Tom spent many years boating on the Parker River in Rowley and camping at the Rusnik Campground in Salisbury.  While he enjoyed his vacations and weekends up north, he loved returning to Woburn.  Here, he spent his retirement years working in his garden, going from yard sale to yard sale, and restoring old furniture and other antiques. There was almost nothing that Tom couldn’t fix.  He was a true Jack of all trades.  He did much of his restoration work and entertaining in his barn, where he held court.


More than anything, Tom was a true home body who enjoyed spending time with his family.  He was the source of much love and laughter.  Always quick with a quip, advice, or shoulder to lean on, he was beloved by his wife, children, grandchildren, great-grandchildren, and Spider (his favorite feline).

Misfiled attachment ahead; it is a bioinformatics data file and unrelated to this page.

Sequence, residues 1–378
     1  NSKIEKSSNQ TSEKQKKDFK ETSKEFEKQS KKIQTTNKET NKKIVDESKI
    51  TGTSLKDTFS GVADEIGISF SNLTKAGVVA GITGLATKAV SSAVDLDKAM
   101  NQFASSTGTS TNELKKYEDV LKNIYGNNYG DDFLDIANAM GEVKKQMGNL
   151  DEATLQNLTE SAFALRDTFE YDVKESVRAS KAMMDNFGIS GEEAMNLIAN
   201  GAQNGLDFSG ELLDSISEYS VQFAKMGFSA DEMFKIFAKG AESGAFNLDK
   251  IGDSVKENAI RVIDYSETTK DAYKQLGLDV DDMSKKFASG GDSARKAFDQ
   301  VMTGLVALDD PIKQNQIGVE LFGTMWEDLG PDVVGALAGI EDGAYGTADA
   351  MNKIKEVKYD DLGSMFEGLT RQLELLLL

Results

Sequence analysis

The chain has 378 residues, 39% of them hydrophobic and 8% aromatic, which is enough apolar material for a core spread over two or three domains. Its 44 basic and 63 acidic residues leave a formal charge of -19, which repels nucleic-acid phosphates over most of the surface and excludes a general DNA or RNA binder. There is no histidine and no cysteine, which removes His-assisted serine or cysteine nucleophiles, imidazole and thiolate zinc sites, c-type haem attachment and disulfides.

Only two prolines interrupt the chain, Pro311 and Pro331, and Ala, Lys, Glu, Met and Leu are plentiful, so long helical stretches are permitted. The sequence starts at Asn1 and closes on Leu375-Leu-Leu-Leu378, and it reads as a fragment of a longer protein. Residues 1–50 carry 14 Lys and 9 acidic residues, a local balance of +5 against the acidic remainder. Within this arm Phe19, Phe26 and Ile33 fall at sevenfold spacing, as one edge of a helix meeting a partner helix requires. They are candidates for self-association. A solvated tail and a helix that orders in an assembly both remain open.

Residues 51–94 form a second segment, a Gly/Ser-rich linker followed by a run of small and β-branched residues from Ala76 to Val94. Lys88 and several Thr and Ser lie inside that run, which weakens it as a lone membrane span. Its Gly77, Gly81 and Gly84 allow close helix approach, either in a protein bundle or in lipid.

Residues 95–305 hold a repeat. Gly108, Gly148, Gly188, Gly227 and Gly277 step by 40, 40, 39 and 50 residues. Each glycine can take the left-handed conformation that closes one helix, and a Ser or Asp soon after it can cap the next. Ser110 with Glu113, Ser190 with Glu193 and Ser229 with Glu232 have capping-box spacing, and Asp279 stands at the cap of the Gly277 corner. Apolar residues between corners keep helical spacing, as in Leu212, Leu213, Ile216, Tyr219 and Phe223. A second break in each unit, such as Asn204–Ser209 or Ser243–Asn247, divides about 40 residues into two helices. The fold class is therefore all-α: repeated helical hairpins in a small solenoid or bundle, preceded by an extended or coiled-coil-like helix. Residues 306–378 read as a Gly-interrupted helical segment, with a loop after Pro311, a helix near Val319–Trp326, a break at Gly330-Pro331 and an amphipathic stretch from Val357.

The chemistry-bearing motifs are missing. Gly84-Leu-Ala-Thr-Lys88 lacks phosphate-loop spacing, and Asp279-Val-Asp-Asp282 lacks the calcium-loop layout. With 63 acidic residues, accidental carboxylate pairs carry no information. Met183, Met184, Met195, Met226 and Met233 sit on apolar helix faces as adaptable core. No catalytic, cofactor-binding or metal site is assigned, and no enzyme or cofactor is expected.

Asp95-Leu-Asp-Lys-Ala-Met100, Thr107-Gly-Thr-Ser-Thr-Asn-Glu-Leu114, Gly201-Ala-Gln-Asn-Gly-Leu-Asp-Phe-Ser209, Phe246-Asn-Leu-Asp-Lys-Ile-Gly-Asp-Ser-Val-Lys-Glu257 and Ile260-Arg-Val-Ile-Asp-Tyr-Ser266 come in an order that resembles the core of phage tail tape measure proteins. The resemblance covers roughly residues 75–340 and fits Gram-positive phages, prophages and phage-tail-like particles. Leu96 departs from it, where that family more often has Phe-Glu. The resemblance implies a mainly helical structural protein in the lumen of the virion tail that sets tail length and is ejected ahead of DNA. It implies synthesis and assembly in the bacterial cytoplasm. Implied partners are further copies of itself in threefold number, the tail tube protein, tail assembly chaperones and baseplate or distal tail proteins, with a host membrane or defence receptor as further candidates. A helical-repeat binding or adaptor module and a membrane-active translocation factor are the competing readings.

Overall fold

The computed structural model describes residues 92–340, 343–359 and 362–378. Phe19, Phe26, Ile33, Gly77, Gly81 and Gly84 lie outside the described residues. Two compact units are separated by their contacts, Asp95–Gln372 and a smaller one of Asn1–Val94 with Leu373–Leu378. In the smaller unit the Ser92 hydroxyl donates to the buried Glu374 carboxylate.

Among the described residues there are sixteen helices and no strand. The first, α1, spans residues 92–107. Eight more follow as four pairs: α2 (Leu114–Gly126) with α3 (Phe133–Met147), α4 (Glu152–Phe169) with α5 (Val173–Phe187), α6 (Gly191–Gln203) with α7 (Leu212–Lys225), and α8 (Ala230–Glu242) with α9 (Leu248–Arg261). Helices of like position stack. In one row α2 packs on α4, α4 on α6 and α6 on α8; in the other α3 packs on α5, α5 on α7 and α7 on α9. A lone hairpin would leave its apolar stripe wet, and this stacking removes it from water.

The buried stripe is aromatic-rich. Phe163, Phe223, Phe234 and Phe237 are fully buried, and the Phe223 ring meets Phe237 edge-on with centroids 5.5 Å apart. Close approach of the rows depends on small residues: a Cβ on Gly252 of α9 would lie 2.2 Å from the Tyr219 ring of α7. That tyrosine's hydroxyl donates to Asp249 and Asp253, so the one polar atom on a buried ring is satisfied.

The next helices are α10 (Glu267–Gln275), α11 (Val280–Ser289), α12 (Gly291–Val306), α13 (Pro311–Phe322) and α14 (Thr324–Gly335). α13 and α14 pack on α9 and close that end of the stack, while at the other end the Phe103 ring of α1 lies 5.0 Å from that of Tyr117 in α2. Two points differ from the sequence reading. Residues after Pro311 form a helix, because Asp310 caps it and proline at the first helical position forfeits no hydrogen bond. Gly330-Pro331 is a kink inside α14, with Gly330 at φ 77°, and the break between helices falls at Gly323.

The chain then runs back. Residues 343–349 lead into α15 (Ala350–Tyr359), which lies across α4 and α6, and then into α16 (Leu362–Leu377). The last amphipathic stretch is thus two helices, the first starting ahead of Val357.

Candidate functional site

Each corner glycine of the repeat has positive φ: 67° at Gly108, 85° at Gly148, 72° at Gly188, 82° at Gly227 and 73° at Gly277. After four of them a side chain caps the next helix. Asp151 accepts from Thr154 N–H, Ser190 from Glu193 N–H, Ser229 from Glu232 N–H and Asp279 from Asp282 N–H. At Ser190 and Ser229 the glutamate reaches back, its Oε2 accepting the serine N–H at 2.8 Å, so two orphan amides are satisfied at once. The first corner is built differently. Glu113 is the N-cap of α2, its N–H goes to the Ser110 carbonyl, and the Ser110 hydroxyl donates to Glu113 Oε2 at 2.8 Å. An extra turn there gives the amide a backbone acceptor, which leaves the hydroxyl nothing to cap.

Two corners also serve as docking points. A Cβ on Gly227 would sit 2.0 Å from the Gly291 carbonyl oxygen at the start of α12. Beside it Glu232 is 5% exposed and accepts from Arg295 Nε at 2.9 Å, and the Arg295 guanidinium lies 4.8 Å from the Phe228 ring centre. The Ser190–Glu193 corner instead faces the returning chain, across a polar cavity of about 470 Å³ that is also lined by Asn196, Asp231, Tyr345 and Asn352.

Tom was the beloved husband of Harriet (Marinacci) for 66 years. He was the loving father of Jane Hamilton and her spouse Mary Grenham, Mary Marconnot and her husband Vinny, and Thomas Hamilton and his companion Shirley Murray, all of Woburn.  Tom was the very proud grandfather of Douglas and Aran Hamilton-Grenham, Alicia Frink, and Ariana and Rachelle Marconnot; and great grandfather of Kenley, Braden, and Mila Frink. He also leaves his dear friend Fred Russell of Wilmington and is survived by many nieces, nephews, and friends. Tom was predeceased by his parents, Alfred and Viola (Maynard), and by his siblings, Leland Hamilton and Isabelle “Pat” Amico. In keeping with restrictions caused by COVID-19, burial is private.  For the obituary, video tribute, and obituary see



Papa’s Eulogy                                                                                                       April 28, 2020